According to Ness, the two primary aspects to take special cognisance of when specifying façades near the coast are corrosion and wind-loading pressures. “A third could be that there is not such a drastic diurnal temperature range, instead, the climate is slightly moderated at the coast, although more humid,” she adds.
To protect the façade against corrosion, special care should be taken to select appropriate powder coatings for aluminium parts. “We find that professionals who come to the coast from elsewhere are quite unfamiliar with the actual level of corrosion that is experienced here. While they don’t ignore it, they are not always fully aware of the extent of it,” Ness notes.
Secondly, wind pressures at the coast are typically worse than at higher altitudes because the air is denser. This means that the aluminium sections of a façade need to be bigger and not spanning as far as they could inland. The glass also needs to be a bit thicker to resist the stronger wind.
“It is important for architects, clients and developers to involve a façade engineer from the beginning,” advises Ness. “We find that there is still a lot of learning to be done in the industry about the systems that are out there and performance specifications in general, even on quite big buildings, can be very naïve.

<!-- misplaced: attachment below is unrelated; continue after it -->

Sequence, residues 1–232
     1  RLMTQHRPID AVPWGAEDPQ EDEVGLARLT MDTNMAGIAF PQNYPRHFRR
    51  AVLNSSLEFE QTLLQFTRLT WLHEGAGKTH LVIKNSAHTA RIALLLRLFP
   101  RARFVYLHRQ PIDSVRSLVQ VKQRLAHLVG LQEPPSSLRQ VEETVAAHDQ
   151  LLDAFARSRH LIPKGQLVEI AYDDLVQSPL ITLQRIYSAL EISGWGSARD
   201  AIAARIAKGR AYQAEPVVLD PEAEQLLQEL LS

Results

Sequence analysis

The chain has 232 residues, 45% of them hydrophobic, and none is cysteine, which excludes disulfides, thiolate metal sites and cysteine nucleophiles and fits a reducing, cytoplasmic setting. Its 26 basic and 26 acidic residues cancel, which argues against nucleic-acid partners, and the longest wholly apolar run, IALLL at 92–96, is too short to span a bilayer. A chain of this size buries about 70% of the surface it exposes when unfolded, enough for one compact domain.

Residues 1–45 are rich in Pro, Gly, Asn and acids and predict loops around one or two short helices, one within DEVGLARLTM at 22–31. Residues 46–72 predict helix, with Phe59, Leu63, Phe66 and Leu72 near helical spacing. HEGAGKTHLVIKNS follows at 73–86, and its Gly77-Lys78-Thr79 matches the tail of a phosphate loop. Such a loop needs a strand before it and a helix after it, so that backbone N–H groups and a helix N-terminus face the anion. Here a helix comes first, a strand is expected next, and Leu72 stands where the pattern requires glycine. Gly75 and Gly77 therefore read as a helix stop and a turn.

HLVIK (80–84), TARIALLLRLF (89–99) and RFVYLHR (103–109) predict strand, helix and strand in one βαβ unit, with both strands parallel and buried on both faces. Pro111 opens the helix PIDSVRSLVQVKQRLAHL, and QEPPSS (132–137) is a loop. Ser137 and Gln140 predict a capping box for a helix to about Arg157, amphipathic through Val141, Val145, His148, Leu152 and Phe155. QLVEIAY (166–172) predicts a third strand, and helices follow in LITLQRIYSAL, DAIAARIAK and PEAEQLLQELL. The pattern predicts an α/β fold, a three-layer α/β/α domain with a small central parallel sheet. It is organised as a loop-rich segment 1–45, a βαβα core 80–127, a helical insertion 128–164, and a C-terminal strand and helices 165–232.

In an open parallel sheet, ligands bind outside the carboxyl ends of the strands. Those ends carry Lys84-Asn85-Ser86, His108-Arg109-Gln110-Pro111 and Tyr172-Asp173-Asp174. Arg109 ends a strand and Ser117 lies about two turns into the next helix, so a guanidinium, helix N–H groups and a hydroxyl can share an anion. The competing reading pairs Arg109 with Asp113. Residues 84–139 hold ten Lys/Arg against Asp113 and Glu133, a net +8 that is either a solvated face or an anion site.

“In KwaZulu-Natal there is still an inadequate general understanding of façades and their function. For example, professionals are still putting shopfronts onto the front of buildings in very exposed conditions where they should be using compensated, drained curtain wall systems,” Ness explains.
“We also find that if developers don’t start out with the right advice and only find at the end that the façade design won’t work, they are scrambling to get it right. It certainly isn’t cost-effective or time efficient,” she states.
However, Ness says there is progression in the industry. “AAAMSA has been hugely beneficial in introducing the rating systems and testing requirements that they have. These are forcing people to think and this is having a positive impact.”
Full thanks and acknowledgement are given to Linda Ness Associates, Arup, the SABS and Neo Dimensions Architects for the information given to write this article.